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BC Represented At Jesuit Teach-In

For The Heights

Published: Thursday, November 15, 2012

Updated: Wednesday, January 9, 2013 19:01

This weekend, Boston College will be sending 18 undergraduates to Washington, D.C. for the 15th annual Ignatian Family Teach-In for Justice. The event will feature speakers discussing issues of social justice. More than 1,000 people are expected to attend.

“The theme this year is called ‘Imagination Reform: Moving Beyond the Margins,’” said Rev. Don MacMillan, S.J. “We’ve been doing it for years, but this year, we thought ‘Maybe we’ll push people to think even bigger . How would you imagine the world to be better?’”

The event is held in memory of the Jesuit martyrs of El Salvador, six Jesuit priests and two companions who were murdered on November 16, 1989, for their work advocating for the poor in El Salvador.

“Part of the reason to have it in November is because of those who were assassinated,” said Matt Dolan, A&S ’13, who has been to the Teach-Ins for the past three years. “This is a special time to keep their memories alive. These were people who were peace-loving, justice-loving people, assassinated by soldiers who were trained in the U.S.”
Jillian Baker, A&S ’13, has also attended the past three Teach-Ins. “I’ve wanted to get involved with it because of teachers I’ve had in the past who’ve sparked my interest in social justice,” Baker said. “I’ve formed great relationships with the people who’ve gone in the past as well. Having that community, it’s a given that we’re going to go year after year. It’s great to welcome in new people as well.”
Nick Denari, A&S ’16, attended past Teach-Ins with his high school. “The reason I continue to go is that when you gather such a large group of people, the things you want to accomplish seem a lot more possible,” he said. “You see the extent of what other people have done in the past, and you know it’s possible to make the same kind of contribution.”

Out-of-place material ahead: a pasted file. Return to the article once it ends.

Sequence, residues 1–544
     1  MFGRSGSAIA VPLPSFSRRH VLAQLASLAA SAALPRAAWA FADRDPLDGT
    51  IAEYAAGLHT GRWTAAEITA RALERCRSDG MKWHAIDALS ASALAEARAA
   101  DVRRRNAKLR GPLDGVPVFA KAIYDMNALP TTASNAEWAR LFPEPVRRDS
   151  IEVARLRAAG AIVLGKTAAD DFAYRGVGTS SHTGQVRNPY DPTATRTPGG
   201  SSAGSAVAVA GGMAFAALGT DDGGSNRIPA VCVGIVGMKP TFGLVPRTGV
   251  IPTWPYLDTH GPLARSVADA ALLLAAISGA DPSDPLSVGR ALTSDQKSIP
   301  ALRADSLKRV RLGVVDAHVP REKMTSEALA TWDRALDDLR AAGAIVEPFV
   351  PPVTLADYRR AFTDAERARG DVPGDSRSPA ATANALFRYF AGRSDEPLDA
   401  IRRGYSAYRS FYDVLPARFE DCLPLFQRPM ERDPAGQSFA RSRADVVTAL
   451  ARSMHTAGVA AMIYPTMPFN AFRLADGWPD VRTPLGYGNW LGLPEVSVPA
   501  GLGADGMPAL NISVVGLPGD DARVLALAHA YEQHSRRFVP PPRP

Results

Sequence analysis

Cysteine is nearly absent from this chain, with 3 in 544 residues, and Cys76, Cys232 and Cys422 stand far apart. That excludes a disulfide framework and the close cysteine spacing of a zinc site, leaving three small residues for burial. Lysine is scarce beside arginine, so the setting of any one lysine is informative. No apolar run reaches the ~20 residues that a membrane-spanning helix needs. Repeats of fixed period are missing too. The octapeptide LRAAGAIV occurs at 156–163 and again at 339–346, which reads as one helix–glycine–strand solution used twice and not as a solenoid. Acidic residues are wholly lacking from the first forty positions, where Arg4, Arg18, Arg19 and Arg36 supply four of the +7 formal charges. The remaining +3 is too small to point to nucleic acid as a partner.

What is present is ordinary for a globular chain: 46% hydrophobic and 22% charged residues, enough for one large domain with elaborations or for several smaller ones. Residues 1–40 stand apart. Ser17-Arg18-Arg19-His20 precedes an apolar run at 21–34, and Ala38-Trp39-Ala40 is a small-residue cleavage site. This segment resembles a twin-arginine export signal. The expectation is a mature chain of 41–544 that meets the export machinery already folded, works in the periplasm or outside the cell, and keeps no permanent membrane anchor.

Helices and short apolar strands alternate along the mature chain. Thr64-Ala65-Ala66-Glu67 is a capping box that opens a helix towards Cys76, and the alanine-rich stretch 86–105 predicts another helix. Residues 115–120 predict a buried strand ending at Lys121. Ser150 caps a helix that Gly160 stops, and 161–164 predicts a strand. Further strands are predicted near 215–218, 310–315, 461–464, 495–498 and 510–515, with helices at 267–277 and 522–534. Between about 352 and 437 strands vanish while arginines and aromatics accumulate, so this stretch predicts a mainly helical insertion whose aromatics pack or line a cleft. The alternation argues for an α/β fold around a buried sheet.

Issues that will be covered are domestic poverty, immigration reform, and environmental justice, as well as the first annual Advocacy Month, which will be held this February. Last year, the Teach-In advocated for the DREAM Act and against the School of the Americas. The Teach-In will also focus largely on Central America.

“They’re our neighbors,” MacMillan said. “They’re connected to us. We don’t want to lose sight on the global picture. There are problems in Africa, in Indonesia, and Afghanistan, and all the Asian counties, but our focus right now is on our immediate neighbors, who tend to be the victims and have been for years.”
He stressed the importance of advocacy, saying, “With all the rights we have, there’s a responsibility that goes along with them.”
Twenty-eight Jesuit universities, over 25 Jesuit high schools, and Jesuit parishes, Jesuit volunteer communities, and other Catholic institutions and organizations will be represented at the Teach-In.

Students who wish to get involved can contact MacMillan or other students involved in the Teach-In. MacMillan also encouraged students to get involved in works on campus and in the community.

“Justice is not just feeding the homeless and the hungry,” he said. “It certainly is that, but we also have the Campus School and the Green Club, and they’re all important. We’re alerting people to the little things they can do in their lives to make other people’s lives better.”

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